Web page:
A prisoner serving a life sentence for murder in Central Jail Karachi has won a scholarship for further study after taking the highest score in the higher secondary school exams last year.
Among private candidates — that is, nontraditional students — Syed Naeem Shah, 35, scored the highest in Karachi last year. He won a scholarship for further studies from the Institute of Chartered Accountants of Pakistan (ICAP).
“What I have achieved while languishing in jail is not possible if one does not have conviction,” Shah told Reuters.
The Karachi penitentiary is notorious for being overcrowded, holding nearly 6,000 inmates in space meant for 2,400. In fact, all prisons across the country are at 130 percent of capacity and are poorly ventilated. They have insufficient beds and limited access to medicines, safe water, and bathing facilities, according to Amnesty International.
Speaking in a classroom inside the prison grounds, Shah said he enjoyed school as a child. However, he claimed that his family could not afford to continue his education. In jail, older inmates who were also taking classes motivated him and helped him prepare for exams.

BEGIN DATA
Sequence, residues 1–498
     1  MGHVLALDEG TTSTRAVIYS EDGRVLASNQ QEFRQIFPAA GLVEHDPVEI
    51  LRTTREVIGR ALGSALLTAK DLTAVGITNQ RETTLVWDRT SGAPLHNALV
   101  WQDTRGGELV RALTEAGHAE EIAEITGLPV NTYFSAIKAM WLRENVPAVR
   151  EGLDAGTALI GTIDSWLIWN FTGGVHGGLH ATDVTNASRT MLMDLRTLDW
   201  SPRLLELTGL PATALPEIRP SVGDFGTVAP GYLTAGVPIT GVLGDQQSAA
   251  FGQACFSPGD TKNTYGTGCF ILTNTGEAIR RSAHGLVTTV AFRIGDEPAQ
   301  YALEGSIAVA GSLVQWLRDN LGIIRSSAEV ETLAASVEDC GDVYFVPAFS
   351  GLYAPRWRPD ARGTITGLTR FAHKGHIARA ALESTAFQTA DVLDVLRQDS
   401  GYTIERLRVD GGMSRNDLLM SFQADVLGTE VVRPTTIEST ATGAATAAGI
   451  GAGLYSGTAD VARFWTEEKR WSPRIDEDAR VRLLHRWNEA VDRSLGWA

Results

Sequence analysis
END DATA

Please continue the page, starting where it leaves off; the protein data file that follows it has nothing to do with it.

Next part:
Shah is one of 1,200 inmates studying in Central Jail Karachi. However, his success is unparalleled, said Saeed Soomro, deputy superintendent of the prison.
“His results are [also] tantamount to our success,” Soomro said, giving him the opportunity to study and providing him with books and materials.
Yet to pass an entrance exam
Shah still has to pass an entrance exam to formally take up the scholarship, an ICAP official said, requesting anonymity as he was not authorized to talk to the media.
“I feel it will be very difficult for me to pursue this scholarship from prison,” Shah said, given the technical and specialized subjects he will be pursuing.
Even before his exam success, Shah said he had filed an appeal against his conviction. It is currently pending in the high court. “I appeal to the president of Pakistan, prime minister, and chief executive of Sindh province to consider my case for remission.”
Shah was sentenced to life — 25 years — in 2018 for the shooting and killing of another man in a personal disagreement in 2010. Years spent as a prisoner on trial, plus time off for academic achievements, good behavior, and blood donations, leaves him with about six years to serve.
Story Courtesy: Reuters
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